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be made public so that the people and media organizations can supervise the government's efforts to more fully and more effectively. this will also in a way force enterprises and government to firm up our own responsibilities. and help the people to take some precautionary measures. since we breathe the same air, we have to work hard together. everyone should pitch in, and as far as the government is concerned, we will show greater resolve and take actions to reassure the peoples, thank you. [speaking chinese] >> translator: china's websites, mr. bremer can you talked a lot about the goals and the best of reform. we pay close attention to the reform of the reeducation through labor system. mr. premier, is there a timetable for reforming it? [speaking chinese] >> translator: let me answer your question very precise. the relevant authorities are working intensively on the plan to reform the reeducation through labor system. and the plan might be unveiled before the end of the year. thank you. [speaking chinese] [speaking chinese] >> translator: i noticed one detail, mr. premier. in the cou
. they threw out the european union plan that included a levy on bank accounts. government leaders need to raise $5.8 billion euros to qualify for a bailout worth $10 billion. they accepted an eu plan that involved taking money from people's bank accounts. lawmakers flew that plan out. the government leaders want to raise the collateral by reorganizing major banks and creating a fund without using people's savings. they want to have the lie and's biggest bank absorb the rest. members of the staff union are protesting in front of the parliament building. they say breaking up the bank would destroy 2,000 jobs. even if lawmakers approve the new plan, eu officials may reject it. leaders in germany had doubts about the way leaders intend to raise the money. analysts say the negotiations will be tough. cyprus' finance minister tried to get help from russia but he's on his way home empty handed. he spent two days talking with his russian counterpart bloomberg quotes him as saying he hadn't been able to get the support he wanted and he said he still has a chance to get the russians to ease the
there by the british government in the armed forces, m.o.d., or the foreign office, we've guaranteed that they won't anyway lose out in terms of their earnings or their savings. that is the first thing to say. we've also sure that money will be available which is why a plane with the money was sent to cyprus last night. in terms of, in terms of british citizens in cyprus, assumed our many thousands, of course we cannot insure them against any losses in terms of cyprus bank accounts. but we can do is make sure that they did and they get safely to the pensions and benefits to which they're entitled. we've frozen those payments for the time being until the situation becomes clear, but everyone should know they will get those payments. >> ed miliband. >> mr. speaker, on monday the minister said to the uk government had intelligence about what went on in discussions among the euro zone members who negotiated the plan. can the prime minister tell us what the government knew in advance that what they said about the plan? >> first of all, as we are not in the euro, we do not join the discussions about eur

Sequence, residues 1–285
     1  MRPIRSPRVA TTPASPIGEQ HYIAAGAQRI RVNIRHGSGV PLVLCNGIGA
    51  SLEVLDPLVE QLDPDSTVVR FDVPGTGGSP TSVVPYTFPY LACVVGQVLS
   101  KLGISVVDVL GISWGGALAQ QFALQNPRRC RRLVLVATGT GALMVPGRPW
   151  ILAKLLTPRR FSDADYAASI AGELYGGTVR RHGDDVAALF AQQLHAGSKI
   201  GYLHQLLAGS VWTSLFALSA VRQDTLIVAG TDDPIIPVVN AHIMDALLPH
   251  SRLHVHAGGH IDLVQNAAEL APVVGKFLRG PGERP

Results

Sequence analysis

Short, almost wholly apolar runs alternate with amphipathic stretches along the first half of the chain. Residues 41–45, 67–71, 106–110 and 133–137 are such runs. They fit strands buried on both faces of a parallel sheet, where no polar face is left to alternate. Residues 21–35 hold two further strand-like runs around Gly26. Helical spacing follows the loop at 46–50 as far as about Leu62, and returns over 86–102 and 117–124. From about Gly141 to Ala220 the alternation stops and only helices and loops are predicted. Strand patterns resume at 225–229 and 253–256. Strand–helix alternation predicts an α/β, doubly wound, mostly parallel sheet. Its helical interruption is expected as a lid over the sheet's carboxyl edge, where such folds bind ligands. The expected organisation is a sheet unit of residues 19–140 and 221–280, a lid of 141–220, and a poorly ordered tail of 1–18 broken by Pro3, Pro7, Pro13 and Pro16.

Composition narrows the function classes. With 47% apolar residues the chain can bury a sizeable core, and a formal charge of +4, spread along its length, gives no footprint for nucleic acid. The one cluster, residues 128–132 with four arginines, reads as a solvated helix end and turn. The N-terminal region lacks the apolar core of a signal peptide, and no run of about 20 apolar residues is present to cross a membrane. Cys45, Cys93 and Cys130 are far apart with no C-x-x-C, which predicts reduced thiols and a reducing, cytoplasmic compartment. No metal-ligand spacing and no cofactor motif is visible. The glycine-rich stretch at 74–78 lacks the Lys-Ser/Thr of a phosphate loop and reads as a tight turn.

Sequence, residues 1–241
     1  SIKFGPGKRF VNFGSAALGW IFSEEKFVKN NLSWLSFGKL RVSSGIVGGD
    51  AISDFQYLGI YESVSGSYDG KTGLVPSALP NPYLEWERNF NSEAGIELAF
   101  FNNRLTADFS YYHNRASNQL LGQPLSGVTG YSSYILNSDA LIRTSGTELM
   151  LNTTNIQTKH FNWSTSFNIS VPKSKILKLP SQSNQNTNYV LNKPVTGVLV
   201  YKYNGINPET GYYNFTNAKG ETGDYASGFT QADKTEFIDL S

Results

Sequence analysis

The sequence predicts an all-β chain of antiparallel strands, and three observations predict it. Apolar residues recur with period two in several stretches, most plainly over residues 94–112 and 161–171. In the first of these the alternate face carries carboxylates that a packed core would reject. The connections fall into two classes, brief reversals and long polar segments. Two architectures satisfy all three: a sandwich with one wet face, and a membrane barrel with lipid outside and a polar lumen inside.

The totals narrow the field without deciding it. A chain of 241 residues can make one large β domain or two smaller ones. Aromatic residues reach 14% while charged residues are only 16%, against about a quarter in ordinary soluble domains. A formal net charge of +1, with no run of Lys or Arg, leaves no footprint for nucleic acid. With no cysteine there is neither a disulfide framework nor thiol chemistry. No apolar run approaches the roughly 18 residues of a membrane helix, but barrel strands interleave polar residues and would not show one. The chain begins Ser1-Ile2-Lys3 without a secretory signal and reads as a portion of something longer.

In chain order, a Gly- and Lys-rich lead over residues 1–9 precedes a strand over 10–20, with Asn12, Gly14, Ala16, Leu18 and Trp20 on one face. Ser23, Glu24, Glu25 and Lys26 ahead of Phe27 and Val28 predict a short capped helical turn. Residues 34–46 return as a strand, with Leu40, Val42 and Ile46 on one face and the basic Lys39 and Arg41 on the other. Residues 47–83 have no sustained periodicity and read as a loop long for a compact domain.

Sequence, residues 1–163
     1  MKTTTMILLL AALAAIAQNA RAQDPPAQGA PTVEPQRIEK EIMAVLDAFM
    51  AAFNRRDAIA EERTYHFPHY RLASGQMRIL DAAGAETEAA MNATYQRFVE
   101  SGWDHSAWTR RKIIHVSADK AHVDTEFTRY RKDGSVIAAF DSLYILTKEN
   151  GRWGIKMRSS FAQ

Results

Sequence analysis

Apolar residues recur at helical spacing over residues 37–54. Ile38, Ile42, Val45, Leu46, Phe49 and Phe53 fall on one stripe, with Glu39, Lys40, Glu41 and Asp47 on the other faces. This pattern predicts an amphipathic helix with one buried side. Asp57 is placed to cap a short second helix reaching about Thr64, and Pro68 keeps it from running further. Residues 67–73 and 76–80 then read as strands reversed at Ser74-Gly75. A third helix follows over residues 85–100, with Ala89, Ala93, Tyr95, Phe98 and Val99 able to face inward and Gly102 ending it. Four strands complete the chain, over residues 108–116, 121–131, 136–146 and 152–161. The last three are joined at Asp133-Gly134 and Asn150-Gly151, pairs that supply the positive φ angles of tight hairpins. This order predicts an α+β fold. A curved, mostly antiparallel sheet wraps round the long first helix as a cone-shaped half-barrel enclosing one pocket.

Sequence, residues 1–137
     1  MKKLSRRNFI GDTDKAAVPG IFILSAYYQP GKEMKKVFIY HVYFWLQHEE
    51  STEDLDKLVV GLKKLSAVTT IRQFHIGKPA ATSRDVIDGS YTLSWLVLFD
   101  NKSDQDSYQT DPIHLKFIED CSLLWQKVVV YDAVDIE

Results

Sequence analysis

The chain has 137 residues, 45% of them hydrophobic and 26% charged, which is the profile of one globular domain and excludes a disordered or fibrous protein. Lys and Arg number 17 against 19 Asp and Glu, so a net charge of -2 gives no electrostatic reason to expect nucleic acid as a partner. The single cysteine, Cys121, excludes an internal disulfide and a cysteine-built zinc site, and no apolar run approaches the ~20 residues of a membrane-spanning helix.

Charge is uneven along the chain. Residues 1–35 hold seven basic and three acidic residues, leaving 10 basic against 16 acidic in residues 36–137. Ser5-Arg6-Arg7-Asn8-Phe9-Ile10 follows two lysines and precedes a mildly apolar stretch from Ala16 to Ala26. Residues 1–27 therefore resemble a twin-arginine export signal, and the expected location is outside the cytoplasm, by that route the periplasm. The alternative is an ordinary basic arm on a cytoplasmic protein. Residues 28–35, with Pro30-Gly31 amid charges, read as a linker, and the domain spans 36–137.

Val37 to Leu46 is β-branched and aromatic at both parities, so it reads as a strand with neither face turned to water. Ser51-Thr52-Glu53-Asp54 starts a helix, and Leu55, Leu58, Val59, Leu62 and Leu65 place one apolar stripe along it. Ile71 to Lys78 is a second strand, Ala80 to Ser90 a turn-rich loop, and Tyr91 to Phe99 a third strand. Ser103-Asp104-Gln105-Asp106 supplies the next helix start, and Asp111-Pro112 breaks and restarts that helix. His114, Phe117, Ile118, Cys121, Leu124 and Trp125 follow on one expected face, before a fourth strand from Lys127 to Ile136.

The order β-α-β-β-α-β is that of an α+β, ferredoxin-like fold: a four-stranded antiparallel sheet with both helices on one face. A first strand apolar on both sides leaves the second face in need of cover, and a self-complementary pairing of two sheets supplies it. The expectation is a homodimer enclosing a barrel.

that the way towards managing his relationship with the israeli government runs through the israeli public. it does not mean that netanyahu is completely poll focused. i think the issue of iran as a gut issue for netanyahu. it is not just looking at public opinion. certainly having public opinion more on his side, even if it is not a dramatic change, could only help the president as he relates to the new government. i would say that is the first part. there dennis and i agree. the policy summit, these guys will be having something like five hours together, probably the most intense conversations and time netanyahu and obama have ever spent together. obama has said there is not any leader he has sat with more than netanyahu. this is the most intense period of time that they have had. each one has sober expectations. they have been at this for four years. obama knows that they have different political visions. and it cannot do know is that netanyahu -- netanyahu knows obama is less inclined towards intervention. this could be a good thing. from the israel side, my sense is -- hear about the